and thus connected the latter with the main land; and this he was

obliged to do before he could take it.

Verse 14. Thou shalt be built no more] If this refer to

Nebuchadnezzar's capture of the city, old Tyre must be intended:

that was destroyed by him, and never rebuilt. But I doubt whether

the whole of this prophecy do not refer to the taking of Tyre by

Alexander, three hundred years after its capture by

Nebuchadnezzar. Indeed it may include more recent conquests of

this important city. It went through a variety of vicissitudes

till 1289, when it and the neighbouring towns were sacked and

ravaged by the Mamelukes. Mr. Maundrell, who visited this place,

says, "it is a Babel of broken walls, pillars, vaults, &c., there

being not so much as one entire house left! Its present

inhabitants are only a few poor wretches, harbouring themselves in

the vaults, and subsisting chiefly on fishing; who seem to be

preserved in this place by Divine Providence as a visible argument

how God has fulfilled his word concerning Tyre, that it should be

the top of a rock, a place for fishers to dry their nets on."

Verse 15. The isles shake at the sound of thy fall] All those

which had traded with this city, which was the grand mart, and on

which they all depended. Her ruin involved them all, and caused

general wailing.

Verse 16. The princes of the sea] The chief maritime states,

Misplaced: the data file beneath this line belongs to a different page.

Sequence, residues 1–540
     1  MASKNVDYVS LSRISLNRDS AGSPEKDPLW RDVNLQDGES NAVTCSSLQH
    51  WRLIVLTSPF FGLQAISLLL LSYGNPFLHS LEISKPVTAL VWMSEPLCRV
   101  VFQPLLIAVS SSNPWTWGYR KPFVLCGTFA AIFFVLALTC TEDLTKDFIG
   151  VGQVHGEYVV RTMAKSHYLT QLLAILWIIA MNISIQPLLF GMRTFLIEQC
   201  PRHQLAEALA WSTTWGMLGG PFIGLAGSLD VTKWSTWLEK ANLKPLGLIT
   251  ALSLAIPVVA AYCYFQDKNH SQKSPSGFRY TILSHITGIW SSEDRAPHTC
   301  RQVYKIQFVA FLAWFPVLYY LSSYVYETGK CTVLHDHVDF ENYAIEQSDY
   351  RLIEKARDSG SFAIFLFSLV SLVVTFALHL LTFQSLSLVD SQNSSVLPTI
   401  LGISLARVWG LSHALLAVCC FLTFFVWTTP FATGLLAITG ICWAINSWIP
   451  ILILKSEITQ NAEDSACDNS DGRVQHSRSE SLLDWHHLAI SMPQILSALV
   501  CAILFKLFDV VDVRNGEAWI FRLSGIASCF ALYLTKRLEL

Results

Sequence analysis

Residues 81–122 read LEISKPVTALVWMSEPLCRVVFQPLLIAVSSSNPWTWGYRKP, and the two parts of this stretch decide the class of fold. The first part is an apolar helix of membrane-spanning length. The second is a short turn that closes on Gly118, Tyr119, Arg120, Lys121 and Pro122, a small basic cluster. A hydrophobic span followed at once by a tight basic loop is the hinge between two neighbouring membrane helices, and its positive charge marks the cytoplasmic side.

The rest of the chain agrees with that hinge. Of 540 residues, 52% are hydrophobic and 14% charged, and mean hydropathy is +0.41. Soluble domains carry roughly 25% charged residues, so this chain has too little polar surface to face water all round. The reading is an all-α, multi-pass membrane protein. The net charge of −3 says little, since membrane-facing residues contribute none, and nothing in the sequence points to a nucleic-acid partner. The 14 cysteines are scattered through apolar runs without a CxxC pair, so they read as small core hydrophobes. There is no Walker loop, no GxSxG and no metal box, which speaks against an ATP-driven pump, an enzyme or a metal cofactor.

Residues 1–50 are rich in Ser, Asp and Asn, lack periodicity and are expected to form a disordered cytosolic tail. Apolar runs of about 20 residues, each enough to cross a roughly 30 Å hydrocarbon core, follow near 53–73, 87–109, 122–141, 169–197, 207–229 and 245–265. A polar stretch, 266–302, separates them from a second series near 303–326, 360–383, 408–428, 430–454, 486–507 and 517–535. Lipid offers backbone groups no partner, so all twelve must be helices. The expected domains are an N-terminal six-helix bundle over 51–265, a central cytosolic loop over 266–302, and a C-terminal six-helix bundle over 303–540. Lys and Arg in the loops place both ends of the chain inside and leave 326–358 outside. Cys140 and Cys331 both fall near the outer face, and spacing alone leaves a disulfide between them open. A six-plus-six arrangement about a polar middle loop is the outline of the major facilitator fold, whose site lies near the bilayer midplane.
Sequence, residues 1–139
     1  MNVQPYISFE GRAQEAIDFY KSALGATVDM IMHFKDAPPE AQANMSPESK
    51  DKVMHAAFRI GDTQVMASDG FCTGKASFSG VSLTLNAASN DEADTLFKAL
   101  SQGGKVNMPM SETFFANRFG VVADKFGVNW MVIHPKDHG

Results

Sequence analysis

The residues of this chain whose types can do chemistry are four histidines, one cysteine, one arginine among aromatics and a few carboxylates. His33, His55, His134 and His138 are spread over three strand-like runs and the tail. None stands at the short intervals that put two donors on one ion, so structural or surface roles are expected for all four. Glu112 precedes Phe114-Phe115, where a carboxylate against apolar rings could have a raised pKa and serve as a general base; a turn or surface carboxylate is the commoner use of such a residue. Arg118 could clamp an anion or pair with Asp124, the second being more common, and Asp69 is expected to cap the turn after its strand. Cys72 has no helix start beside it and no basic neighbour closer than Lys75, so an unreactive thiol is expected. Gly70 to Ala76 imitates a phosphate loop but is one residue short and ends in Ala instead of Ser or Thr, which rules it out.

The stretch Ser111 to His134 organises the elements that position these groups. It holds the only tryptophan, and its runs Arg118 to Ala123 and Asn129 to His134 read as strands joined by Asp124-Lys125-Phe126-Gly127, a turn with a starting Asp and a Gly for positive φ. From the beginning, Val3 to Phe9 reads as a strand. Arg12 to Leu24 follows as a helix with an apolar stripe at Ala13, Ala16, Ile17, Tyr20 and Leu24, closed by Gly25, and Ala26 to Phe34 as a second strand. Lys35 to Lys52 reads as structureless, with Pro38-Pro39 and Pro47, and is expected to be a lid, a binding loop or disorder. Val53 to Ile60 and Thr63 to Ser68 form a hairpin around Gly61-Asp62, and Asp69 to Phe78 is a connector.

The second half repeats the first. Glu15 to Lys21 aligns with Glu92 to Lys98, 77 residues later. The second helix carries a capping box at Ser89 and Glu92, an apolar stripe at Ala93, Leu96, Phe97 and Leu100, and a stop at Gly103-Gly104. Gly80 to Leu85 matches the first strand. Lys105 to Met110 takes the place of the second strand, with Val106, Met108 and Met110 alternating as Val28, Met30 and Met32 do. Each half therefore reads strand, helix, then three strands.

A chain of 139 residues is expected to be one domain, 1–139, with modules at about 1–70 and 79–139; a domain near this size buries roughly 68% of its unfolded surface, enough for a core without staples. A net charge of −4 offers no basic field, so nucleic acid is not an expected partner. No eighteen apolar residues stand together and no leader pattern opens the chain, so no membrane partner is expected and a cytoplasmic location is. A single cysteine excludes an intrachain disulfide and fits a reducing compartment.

such as Leptis, Utica, Carthage, Gades, &c. See Calmet.

Verse 17. Wast strong in the sea] The strength of Tyre was so

great, that Alexander despaired of being able to reduce it unless

he could fill up that arm of the sea that ran between it and the

main land. And this work cost his army seven months of labour.

Verse 20. And I shall set glory in the land of the living.]

Judea so called, the land of the living God.

Verse 21. Yet shalt thou never be found again] This is literally

true; there is not the smallest vestige of the ancient Tyre, that

which was erected on the main land. Even the ground seems to have

been washed away; and the new Tyre is in nearly a similar state. I

think this prophecy must be extended to the whole duration of

Tyre. If it now be found to be in the state here described, it is

sufficient to show the truth of the prophecy. And now it is found

precisely in the state which the above prophetic declarations,

taken according to the letter, point out! No word of God can ever

fall to the ground.

Notwithstanding the former destructions, Tyre was a place of

some consequence in the time of St. Paul. There was a Church

there, (see Ac 21:3, 4, &c.,) which afterwards became famous.

Calmet observes, it afforded a great number of martyrs for the

Christian Church.

Copyright information for Clarke